We will continue to defy any and all attempts by this and any other administration to cow or muzzle us into abrogating our duty to provide the people, whom we serve, with the information they need to make informed decisions about their individual lives and our collective future as a nation.

Jose Torres Jr.

Rowena Paraan

The Silencing of the Press

Anthony Chua

It is embarrassing that the Philippines, Asia’s oldest democracy, has become the second most perilous place for journalists, next only to the war- and terrorists- plagued Iraq.

Since the rise to power of Gloria Macapagal-Arroyo, 57 journalists have been slain, the latest was Marcos Mataro, main host of D’ XMan of UNTV 37, who was shot point-blank on a busy highway in broad daylight. Out of these cases, some of which are alleged extrajudicial killings, only a few were solved. The rest, including Mataro’s, remained stalled because of some mysterious powers emanating from high places.

In addition to this, many, like Philippine Daily Tribune publisher and editor-in-chief Ninez Cacho-Olivarez were charged with libel with outrageous penalties. The six months to two years imprisonment sentence to Olivarez by Judge Winlove Dumayas of Makati Regional Trial Court Branch 59 was too much for a Supreme Court’s circular titled “Guidelines in the observance of a rule of preference in the imposition of penalties in libel cases” wherein the country’s highest court urge judges to mete out fines instead of jail time to persons convicted of libel. What made a judge bestow such a decision transcending the highest court in the country? The public can assume that some powers are trying to surpass the Supreme Court’s mandate and to silence the media.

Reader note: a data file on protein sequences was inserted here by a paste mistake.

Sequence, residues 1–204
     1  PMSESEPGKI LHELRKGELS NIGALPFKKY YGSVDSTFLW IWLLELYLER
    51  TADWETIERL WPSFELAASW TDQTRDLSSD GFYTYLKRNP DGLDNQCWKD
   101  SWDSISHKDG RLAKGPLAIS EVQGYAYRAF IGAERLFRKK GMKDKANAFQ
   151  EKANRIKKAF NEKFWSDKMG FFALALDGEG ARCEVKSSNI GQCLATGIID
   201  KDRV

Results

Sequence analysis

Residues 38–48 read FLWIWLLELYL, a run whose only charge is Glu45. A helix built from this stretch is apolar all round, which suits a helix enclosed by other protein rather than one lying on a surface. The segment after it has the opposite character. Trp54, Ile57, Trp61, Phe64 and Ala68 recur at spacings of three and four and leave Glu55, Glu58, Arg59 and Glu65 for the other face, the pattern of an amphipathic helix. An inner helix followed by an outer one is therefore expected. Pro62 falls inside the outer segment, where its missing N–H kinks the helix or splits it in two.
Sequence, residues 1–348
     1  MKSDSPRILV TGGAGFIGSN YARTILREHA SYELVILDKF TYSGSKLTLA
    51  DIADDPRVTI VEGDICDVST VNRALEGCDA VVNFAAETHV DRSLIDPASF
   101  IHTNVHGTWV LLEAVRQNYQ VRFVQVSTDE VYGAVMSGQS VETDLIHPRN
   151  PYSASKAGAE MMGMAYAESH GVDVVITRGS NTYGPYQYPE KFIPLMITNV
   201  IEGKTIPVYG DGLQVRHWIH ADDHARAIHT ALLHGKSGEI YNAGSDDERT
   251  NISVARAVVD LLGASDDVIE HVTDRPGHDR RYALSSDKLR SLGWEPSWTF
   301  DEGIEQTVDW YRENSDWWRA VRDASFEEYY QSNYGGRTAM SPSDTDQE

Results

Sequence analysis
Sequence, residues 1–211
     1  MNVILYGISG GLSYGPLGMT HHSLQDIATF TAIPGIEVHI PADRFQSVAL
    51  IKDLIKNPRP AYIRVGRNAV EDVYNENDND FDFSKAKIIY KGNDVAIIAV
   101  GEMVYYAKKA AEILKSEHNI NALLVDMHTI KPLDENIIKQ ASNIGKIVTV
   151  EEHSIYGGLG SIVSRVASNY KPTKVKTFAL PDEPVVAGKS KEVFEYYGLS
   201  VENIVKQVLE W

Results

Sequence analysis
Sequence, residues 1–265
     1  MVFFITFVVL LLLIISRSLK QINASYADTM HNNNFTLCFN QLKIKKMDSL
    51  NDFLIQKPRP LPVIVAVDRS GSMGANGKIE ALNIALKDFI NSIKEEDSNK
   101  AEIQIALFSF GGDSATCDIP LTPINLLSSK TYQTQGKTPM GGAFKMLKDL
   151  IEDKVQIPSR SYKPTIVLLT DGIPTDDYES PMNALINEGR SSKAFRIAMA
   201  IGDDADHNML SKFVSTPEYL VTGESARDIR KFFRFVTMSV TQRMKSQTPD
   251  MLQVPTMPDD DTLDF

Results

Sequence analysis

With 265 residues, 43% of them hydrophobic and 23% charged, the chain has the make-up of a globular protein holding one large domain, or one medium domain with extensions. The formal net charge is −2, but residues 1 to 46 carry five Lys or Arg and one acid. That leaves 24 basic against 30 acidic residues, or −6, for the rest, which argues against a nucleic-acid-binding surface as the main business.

Though Malacanang has recently been active in freeing ABS-CBN anchor and senior reporter Ces Drilon and company, mostly journalists, it has done minimally in respecting Drilon’s obligation to report some realities in some depressed parts of Mindanao. The palace even chided Drilon about using her intrepidity unwisely, causing tension to a nation that has already been fed up with depressing and scary news like food crisis and double digit inflation.

But Drilon was just doing her job in delivering the truth despite risking her life, while the government tried to cover-up the truth–insisting at first that no ransom was shelled out to the notorious Abu Sayyaf, which has a record of killing mercilessly, but later admitted that “livelihood projects” were promised to the bandits in exchange for the release of the captives.

Despite being a colony of the United States, the modern world’s foremost guardian of democracy, in the past our government still has neglected the powers of free press for the progress of our country. Instead of encouraging the culling of information from the press to improve its management of the nation, the present administration is wielding measures to restrict our access to the truth and to cover it up with deceptions and lies.